Digital banks’ bad loans continue to pile up

Digital banks’ bad loans continue to pile up

PH seen to generate $700-M BOP windfall this year

FILE PHOTO: A logo of Bangko Sentral ng Pilipinas (Central Bank of the Philippines) is seen at their main building in Manila, Philippines March 23, 2016. REUTERS/Romeo Ranoco

Bad loans held by digital banks in the country continued to rise in February, although this new breed of lenders is outperforming traditional peers in attracting deposits despite infrastructure challenges that have hampered financial inclusion for years.

Data from the Bangko Sentral ng Pilipinas (BSP) showed that the digital banks’ nonperforming loans (NPL)—borrowings that are more than 90 days late on a payment—accounted for 21.64 percent of the sector’s total loan book, higher than the 20.95 percent ratio in January.


The figure was more than six times larger than the 3.44 percent NPL ratio of the entire local banking system, as the nascent industry continues to find the right business model for its target market with largely untested credit profile.


In peso terms, the bad loan ratio of the digital industry amounted to P4.92 billion in the second month of the year, up by 7.66 percent from P4.57 billion in January.

The total portfolio of digital banks expanded by 4.36 percent to P22.75 billion in February.

The rising NPLs, in turn, are forcing digital banks to set aside a hefty amount of their capital as a buffer against losses from unpaid loans instead of using the money for new lending activities. 55% loan loss cover

Data showed these lenders had set aside P2.73 billion as allowance for credit losses in February, up by 16.17 percent. This brought the sector’s NPL coverage ratio—a measure of sufficiency of such buffer funds—to 55.41 percent, from 51.48 percent previously.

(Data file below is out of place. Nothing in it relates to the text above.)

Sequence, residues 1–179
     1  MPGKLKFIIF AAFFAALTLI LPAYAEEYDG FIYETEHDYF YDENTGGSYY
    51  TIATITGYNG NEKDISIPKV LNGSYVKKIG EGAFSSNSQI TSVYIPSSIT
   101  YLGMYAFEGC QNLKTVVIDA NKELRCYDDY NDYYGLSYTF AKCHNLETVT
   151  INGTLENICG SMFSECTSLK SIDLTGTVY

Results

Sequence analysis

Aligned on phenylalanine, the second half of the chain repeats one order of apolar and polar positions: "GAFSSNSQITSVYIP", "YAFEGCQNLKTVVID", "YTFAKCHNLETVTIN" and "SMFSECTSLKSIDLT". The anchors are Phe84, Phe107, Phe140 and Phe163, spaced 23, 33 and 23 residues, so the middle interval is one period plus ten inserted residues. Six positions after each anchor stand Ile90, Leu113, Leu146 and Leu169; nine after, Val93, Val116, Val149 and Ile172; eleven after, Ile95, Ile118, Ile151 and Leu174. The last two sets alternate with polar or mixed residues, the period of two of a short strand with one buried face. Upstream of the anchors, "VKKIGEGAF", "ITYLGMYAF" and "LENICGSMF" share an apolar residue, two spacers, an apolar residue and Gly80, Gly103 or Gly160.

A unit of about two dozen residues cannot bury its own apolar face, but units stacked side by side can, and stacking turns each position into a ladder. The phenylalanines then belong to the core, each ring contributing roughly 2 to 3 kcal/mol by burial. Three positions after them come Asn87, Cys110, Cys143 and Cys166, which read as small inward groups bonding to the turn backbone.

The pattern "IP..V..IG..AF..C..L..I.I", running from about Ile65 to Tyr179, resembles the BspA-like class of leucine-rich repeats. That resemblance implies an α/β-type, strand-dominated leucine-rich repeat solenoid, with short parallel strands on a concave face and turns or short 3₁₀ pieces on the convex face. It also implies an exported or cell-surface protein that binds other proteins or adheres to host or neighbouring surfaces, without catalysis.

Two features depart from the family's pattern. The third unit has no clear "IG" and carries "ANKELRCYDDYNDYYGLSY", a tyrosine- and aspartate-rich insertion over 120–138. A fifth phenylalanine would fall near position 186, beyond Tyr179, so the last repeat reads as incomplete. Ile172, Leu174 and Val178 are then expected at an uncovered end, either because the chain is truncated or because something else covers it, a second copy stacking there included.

For this reason, the BSP had said only two of the six digital banks in the country are profitable. Central bank data showed the sector’s net loss had almost doubled from September to December 2023 to P4.38 billion.

The six digital banks in the country are: UNO Digital Bank, UnionDigital Bank, GoTyme, Overseas Filipino Bank of state-run Land Bank of the Philippines, Tonik Digital Bank and Maya Bank.“The next three years are pivotal for reinforcing the digital banking sector’s foundations, scaling lending operations, and solidifying confidence among investors and customers alike,” said Long Pineda, vice president of Digital Bank Association of the Philippines (DiBA PH)In 2021, the BSP imposed a three-year moratorium on digital bank licensing to give the regulator enough time to monitor the performance of these new lenders and their impact on the financial system. The central bank will release an industry report covering the first quarter of the year.


But … deposits upBeyond problems with NPLs and profitability, digital lenders are nevertheless seen doing a great job in raising deposits, a major lifeline for banks.

Data released by DiBA PH showed the sector posted a 27-percent growth in their depositor base between September and December last year, significantly higher than the 4 percent overall growth of the banking system.’ This has elevated the total digital banking depositor base to 5.9 million by the end of 2023.

These banks also reported a near doubling of deposits to P69 billion from 2022 to 2023, DiBA PH added.

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“This kind of growth in such a short amount of time is unprecedented in terms of onboarding the unbanked and underserved,” said Angelo Madrid, president of DiBA PH. INQ

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